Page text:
tions of  treason  (if  neither  the  accused  nor  the  accuser 
could  produce  good  evidence)  during  the  reign  of 
William  II.,  in  1096.  Out  of  this  custom  grew  a  law 
in  England  whereby  a  man  charged  with  murder 
might  fight  the  appellant  for  the  purpose  of  making 
proof  of  his  guilt  or  innocence.  This  law  was  upon 
the  English  statute-book  for  two  or  three  hundred 
years,  but  was  struck  from  off  said  statute-book 
during  the  reign  of  George  III.,  in  1819 — and  on  ac- 
count of  the  following  incident:  In  1817  one  Abraham 
Thornton  was  charged  with  the  murder  of,  a  young 
maid  named  Mary  Ashford,  and  in  an  appeal  claimed 
his  right  by  the  "wager  of  battle"  (the  title  of  the 
Act),  which  the  court  allowed;  but  the  appellant  (the 
brother  of  the  murdered  girl)  refused  the  challenge 
(on  account  of  his  youth),  and  the  accuser  escaped  all 


The  first  judicial  duel  ever  fought  in  England — the 
first  battle  by  single  combat — was  that  fought  before 
William  II.  and  his  peers  between  Geoffrey  Baynard 
and  William,  Earl  of  Eu.  The  latter  had  been  ac- 
cused of  high  treason  by  Baynard  in  1096,  and  was 
subsequently  conquered  in  combat,  and  therefore 
deemed  convicted.  This  system  was  brought  to  an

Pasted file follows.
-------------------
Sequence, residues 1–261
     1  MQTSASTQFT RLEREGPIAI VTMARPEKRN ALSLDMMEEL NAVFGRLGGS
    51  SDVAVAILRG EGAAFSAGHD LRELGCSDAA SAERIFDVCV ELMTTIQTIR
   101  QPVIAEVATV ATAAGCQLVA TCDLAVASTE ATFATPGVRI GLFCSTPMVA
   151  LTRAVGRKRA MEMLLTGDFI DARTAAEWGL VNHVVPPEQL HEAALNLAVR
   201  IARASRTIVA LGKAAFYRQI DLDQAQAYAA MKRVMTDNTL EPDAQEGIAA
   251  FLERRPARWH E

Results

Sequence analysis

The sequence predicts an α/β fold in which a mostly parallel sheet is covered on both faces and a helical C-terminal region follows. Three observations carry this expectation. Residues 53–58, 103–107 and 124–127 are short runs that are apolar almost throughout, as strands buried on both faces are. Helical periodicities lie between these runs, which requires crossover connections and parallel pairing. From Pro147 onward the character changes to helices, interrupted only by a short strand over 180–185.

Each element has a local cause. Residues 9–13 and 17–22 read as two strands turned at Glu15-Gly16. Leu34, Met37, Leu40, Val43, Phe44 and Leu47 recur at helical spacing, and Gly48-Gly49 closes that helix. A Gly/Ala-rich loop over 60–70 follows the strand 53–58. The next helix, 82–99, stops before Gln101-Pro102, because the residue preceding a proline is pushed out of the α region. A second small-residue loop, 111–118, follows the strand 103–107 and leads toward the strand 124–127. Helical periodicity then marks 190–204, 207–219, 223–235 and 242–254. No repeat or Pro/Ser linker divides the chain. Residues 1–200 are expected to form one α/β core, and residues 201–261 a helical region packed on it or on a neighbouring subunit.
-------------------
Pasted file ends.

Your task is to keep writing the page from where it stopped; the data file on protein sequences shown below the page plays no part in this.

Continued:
end  in  1631  by  Charles  I.,  who  prevented  a  similar  en- 
counter between  Lord  Reay  and  David  Ramsay. 
One  of  the  latest  English  episodes  of  the  trial  by  bat- 
tle took  place  during  the  reign  of  Queen  Elizabeth,  in 
1571,  in  which  the  defendant  in  a  civil  case  instituted 
for  the  recovery  of  manorial  rights  in  the  Isle  of  Har- 
tic,  Kent,  offered  to  maintain  his  right  to  possession 
by  the  duel.  This  somewhat  astonished  the  court; 
but,  as  it  admitted  that  it  had  no  power  of  refusal, 
the  petitioners  accepted  the  challenge,  champions 
were  appointed,  and  the  proper  arrangements  forth- 
with made  perfect  for  the  judicial  combat;  and,  al- 
though an  edict  had  been  issued  by  the  Queen  (who 
wished  to  see  no  bloodshed)  that  the  parties  compro- 
mise, as  a  matter  of  justice  to  the  defendant,  who  had 
demanded  the  battle,  and  to  maintain  the  authority 
of  the  law,  it  was  decided  that  the  duel  must  be  per- 
mitted to  proceed.  This  was  the  last  judicial  combat 
in  England  in  a  civil  case,  although  one  occurred  in 
a  court  of  chivalry  in  1631,  and  a  similar  one  still  la- 
ter, in  1638. 

Like  the  judicial  duel  in  France,  the  form  and  man- 
ner of  waging  battle  upon  appeal  in  England  were 
characterized  by  remarkable  ceremonious  proceeding, 
while  the  oaths  of  the  two  combatants  were  vastly 
more  striking  and  solemn.  The  appellee,  when  ap- 
pealed of  felony,  pleaded  "Not  guilty,"  and  threw 


down  his  glove  and  declared  that  he  would  defend 
the  same  by  his  body.  The  appellant  then  took  up 
the  glove  and  replied  that  he  was  ready  to  make  good